In Nigeria, dairy industry holds monumental prospects in the management of protein deficiencies among the timid Nigerian populace. Emergence of metabolic products of some important fungi, Aflatoxins B1 and M1 (AFB1 and AFM1), may hamper such potentials and poses public health threat to the consumers of dairy products. Hence, the need to undertake a study with the view of evaluating AFB1 and AFM1 levels in dairy cattle production. A total of 180 samples, each of cattle feed and cow milk were analyzed using Cobra cell incorporated High Performance Liquid Chromatography (HPLC) technique. Significant number of feed (89%) and milk (94%) turned out positive for AFB1 and AFM1, respectively. Factors of production such as the holding-capacity (size) of the dairy herds, type of dairy herds and the type of dairy cattle feed were used to evaluate and determine the occurrence of the toxins. Results showed that most of these factors affect the distribution of the toxins significantly (P<0.05). Traditional dairy herds, which constitute the greatest part of the small-holder dairy herds, showed the largest significant number of farms (P<0.05) with detectable levels of AFB1 and AFM1 above the acceptable concentration limits in fresh cow milk. It is recommended that critical factors of dairy production be given thorough regulatory considerations as they were observed to play significant role in the occurrence of aflatoxins in dairy products. Also, the management of the traditional dairy herds should be properly guided by the relevant legislation as it constitutes greater part of the dairy production in Nigeria.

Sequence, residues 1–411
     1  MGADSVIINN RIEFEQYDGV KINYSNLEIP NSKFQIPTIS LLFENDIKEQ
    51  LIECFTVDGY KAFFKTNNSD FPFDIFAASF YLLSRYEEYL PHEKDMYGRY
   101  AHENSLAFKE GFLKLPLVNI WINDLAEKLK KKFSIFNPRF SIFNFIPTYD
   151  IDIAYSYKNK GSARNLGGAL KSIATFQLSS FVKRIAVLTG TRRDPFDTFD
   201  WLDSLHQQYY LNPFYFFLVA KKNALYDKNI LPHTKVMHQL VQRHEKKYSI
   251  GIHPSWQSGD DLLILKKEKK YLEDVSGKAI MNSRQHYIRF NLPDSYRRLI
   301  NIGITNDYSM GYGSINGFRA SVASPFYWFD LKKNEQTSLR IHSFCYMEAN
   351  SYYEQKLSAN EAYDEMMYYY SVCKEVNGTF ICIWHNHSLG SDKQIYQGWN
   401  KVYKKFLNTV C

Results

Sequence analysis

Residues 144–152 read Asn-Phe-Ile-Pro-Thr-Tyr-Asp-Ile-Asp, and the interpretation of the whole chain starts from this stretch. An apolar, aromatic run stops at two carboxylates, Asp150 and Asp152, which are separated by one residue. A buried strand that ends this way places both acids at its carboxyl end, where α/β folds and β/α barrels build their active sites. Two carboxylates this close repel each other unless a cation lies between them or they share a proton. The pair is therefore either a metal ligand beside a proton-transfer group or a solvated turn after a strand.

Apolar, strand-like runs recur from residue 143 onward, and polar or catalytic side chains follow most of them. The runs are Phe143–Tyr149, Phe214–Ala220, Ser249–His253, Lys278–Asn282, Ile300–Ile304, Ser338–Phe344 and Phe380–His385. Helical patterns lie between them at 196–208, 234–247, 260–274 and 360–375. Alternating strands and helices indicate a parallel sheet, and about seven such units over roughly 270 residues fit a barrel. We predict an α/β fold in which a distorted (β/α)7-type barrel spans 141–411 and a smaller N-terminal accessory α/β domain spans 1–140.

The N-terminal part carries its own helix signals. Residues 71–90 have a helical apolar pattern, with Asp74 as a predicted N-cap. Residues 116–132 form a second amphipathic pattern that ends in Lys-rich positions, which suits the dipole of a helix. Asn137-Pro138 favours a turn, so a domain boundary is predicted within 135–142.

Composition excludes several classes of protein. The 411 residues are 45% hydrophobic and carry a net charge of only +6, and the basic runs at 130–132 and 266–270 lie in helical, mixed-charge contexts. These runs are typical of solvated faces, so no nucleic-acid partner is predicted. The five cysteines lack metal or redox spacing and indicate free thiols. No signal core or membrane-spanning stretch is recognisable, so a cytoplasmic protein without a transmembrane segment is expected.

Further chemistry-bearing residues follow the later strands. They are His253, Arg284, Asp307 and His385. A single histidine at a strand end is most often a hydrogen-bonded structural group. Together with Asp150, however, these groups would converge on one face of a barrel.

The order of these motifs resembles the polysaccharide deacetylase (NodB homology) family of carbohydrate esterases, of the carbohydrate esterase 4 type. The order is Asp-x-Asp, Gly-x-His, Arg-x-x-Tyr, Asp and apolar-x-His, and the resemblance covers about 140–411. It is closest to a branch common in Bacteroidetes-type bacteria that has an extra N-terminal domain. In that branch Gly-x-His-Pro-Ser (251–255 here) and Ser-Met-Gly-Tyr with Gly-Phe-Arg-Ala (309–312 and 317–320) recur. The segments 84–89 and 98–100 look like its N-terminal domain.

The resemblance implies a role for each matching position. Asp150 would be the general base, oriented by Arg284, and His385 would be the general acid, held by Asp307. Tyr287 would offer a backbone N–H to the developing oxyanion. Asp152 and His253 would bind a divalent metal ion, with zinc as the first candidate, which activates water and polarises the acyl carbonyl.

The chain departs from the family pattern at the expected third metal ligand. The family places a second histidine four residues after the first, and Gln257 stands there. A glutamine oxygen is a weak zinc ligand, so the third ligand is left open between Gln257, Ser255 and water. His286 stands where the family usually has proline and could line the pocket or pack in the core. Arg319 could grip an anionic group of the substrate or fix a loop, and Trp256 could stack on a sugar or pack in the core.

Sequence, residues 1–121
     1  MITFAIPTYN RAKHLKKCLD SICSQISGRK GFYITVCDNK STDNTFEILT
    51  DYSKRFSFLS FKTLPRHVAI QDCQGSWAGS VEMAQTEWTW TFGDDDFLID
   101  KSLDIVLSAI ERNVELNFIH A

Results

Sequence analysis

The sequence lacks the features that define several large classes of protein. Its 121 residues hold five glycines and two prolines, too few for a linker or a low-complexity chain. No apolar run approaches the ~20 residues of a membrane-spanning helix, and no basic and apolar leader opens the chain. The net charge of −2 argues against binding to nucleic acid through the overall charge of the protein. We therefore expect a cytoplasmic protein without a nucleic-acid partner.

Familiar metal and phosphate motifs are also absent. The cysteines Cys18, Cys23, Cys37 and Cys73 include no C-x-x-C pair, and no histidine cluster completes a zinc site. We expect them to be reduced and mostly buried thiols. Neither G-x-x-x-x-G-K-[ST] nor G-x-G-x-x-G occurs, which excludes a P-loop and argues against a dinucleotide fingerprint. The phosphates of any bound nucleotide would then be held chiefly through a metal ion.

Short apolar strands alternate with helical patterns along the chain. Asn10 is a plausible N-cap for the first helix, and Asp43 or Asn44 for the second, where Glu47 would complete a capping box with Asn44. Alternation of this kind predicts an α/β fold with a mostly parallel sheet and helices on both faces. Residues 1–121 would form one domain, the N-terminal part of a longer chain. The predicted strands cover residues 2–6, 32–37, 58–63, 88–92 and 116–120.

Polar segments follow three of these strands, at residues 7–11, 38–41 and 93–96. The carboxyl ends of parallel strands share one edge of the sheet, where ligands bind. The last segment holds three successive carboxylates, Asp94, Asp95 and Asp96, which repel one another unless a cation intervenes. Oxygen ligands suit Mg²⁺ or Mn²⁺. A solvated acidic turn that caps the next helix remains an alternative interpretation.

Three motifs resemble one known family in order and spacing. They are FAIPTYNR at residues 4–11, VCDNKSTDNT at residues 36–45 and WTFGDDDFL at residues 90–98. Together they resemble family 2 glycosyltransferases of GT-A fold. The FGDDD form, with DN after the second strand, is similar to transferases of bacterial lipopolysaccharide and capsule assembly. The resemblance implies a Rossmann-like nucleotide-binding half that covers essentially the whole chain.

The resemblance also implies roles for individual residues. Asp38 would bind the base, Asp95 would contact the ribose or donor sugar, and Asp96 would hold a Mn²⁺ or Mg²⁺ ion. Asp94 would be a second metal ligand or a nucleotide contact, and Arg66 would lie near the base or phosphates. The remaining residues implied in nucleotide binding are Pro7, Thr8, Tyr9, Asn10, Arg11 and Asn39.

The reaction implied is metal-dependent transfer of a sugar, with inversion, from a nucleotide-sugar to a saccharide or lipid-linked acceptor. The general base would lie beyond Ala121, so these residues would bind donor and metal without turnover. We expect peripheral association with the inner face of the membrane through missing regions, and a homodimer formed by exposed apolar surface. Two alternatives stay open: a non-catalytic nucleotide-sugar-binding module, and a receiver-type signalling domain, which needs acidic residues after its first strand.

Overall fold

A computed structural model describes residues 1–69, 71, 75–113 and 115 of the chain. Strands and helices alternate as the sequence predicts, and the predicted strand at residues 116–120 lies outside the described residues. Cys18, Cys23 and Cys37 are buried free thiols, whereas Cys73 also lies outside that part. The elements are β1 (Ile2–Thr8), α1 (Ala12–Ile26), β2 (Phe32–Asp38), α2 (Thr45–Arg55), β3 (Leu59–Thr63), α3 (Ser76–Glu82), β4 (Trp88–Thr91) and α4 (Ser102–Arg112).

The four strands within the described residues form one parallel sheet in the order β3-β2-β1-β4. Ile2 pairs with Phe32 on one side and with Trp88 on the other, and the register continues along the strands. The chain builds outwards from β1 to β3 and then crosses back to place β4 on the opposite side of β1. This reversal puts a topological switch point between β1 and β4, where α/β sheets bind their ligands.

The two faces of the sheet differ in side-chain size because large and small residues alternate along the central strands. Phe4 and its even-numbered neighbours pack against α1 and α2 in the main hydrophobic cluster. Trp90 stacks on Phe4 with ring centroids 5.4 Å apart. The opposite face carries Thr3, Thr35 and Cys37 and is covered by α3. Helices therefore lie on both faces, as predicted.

Key words: Dairy production, Aflatoxin B1, Aflatoxin M1, feed, cow milk, Northern Nigeria.
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